Other steps to assert Israeli sovereignty will include carrying out even more demolitions of houses built "illegally" by Palestinians, Ezra says.
Massive house demolitions have recently taken place in the Shuafat Refugee Camp in north Jerusalem, which abuts the expanding Jewish settlement of Pisgat Ze'ev.
Palestinians and Israeli liberals say that Israel's zoning policy precludes legal building by Jerusalem Arabs in most areas, forcing them to build "illegally."
The lowering of the Palestinian flag also symbolized the burial of one Israeli school of thought on Jerusalem and the ascendance of another.
Key figures in Israel's Labor Party, worried over a high Arab birthrate that could put the city's Jewish majority in question, sought last year to strike a deal with the mainstream Palestinian leadership that would have relinquished sovereignty over Arab neighborhoods to the Palestinians, while gaining recognition of Israeli sovereignty over Jerusalem-area settlements.
They were not able to agree with the Palestinians on key matters related to the walled Old City and its sacred sites, but doves argue that they made some progress in the talks, which broke off in January.
Former Justice Minister Yossi Beilin, a key force in trying to reach such a compromise, called the takeover of Orient House "reckless" and "a provocation."
"Sharon does not understand that eventually it is in our interest to have a Palestinian state with its capital in Jerusalem," Mr. Beilin says.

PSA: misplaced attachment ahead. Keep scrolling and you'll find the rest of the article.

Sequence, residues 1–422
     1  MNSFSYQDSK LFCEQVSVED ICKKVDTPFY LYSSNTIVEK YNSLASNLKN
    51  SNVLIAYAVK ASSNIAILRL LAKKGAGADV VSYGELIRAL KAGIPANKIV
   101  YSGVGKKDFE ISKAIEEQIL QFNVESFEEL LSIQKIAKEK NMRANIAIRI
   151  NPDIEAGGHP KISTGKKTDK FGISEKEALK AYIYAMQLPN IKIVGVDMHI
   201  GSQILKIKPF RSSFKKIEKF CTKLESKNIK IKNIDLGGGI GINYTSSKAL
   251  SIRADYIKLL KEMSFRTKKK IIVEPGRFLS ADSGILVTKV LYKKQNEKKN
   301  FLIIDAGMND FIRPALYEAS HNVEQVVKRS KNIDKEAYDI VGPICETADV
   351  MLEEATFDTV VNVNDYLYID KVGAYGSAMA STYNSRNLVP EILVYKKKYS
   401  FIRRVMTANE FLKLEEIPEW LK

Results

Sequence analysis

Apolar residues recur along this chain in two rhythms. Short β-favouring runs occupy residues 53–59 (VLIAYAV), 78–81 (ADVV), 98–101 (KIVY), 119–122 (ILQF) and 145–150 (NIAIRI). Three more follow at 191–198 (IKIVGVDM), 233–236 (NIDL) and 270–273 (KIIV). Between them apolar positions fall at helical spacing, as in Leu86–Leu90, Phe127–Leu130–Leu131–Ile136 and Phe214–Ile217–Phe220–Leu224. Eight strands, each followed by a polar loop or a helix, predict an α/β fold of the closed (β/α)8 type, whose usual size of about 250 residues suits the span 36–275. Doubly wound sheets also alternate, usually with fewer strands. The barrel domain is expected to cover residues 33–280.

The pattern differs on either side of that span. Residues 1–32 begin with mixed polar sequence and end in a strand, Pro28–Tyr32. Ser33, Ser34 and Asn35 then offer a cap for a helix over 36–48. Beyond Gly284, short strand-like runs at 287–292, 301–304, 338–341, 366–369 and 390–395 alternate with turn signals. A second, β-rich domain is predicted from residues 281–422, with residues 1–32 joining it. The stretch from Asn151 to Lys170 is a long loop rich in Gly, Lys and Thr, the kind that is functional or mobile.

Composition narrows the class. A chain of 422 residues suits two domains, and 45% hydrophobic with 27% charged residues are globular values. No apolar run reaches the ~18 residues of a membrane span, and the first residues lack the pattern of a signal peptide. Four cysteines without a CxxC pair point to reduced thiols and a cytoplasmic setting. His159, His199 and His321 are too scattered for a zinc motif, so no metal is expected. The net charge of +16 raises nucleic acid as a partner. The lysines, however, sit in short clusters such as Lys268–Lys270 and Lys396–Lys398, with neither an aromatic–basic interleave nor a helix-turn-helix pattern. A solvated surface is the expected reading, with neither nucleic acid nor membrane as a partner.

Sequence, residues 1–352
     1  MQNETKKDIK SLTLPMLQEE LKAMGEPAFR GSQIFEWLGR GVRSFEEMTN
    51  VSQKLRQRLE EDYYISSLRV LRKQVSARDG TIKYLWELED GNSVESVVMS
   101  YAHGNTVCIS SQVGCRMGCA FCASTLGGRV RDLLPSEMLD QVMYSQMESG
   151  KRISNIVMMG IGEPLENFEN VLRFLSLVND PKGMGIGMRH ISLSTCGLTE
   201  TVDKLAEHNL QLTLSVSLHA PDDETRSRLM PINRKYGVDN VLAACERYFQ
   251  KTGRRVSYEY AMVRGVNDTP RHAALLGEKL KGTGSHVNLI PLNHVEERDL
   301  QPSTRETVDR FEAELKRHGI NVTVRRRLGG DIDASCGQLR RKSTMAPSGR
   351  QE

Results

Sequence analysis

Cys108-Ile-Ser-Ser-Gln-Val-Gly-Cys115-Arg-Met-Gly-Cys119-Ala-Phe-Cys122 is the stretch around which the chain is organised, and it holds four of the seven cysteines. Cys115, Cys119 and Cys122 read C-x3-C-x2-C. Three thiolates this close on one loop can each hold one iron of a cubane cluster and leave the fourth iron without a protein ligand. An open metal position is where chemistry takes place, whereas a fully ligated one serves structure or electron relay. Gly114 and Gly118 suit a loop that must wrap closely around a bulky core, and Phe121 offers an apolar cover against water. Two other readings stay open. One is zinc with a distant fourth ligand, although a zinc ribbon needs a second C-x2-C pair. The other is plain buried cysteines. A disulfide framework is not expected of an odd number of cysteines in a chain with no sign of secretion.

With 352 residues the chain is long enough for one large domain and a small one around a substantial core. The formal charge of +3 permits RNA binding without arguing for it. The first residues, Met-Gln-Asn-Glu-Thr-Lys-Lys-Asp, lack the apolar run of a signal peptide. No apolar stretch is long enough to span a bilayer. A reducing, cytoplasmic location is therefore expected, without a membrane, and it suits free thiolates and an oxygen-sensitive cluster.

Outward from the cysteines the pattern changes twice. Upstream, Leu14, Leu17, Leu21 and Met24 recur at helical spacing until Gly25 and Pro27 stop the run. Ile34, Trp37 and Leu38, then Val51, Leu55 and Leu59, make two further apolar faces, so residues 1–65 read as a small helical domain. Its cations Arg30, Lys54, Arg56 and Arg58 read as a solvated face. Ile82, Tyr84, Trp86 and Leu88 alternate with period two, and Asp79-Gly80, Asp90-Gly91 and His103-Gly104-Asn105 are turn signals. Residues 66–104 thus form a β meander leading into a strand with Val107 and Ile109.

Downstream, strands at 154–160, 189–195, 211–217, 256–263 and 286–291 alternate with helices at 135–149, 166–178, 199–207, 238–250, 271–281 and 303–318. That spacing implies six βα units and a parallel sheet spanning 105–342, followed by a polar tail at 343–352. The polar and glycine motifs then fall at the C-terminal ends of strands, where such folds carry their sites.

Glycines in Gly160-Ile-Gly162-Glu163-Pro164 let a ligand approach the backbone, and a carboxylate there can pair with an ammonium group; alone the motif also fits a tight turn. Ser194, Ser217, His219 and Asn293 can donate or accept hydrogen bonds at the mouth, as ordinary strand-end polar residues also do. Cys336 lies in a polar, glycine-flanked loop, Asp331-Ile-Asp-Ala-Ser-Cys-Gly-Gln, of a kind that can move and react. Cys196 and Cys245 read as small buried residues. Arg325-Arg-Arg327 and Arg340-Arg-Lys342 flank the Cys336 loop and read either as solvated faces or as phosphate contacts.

Likud's approach, by contrast, is that all of what is currently defined by Israel as Jerusalem is part of the country's eternal and undivided capital, and that Israel can control the entire area if only it is determined enough.
There is no problem with ruling over the Arab neighborhoods, because Israel can win the demographic battle, according to the Likud reasoning.
"Hundreds of thousands of Israelis will move to Jerusalem and many Jews should come [from abroad]," says Likud communications minister Reuven Rivlin. By annexing Jewish areas to the east and west of the current boundaries, the government can establish an 80 percent to 20 percent Jewish majority, he says. The current ratio is about 67 percent to 33 percent, with the percentage of Jews falling annually.
Along with Orient House, eight other Palestinian institutions in East Jerusalem were shut down, including the tourism council and the chamber of commerce.
Built in 1897, Orient House - with its striking colonnades and lovely verandas - is situated in the heart of an area that is still entirely Palestinian. It took on heightened political significance in 1991, when it served as the headquarters of Palestinian negotiators after the launch of the peace process.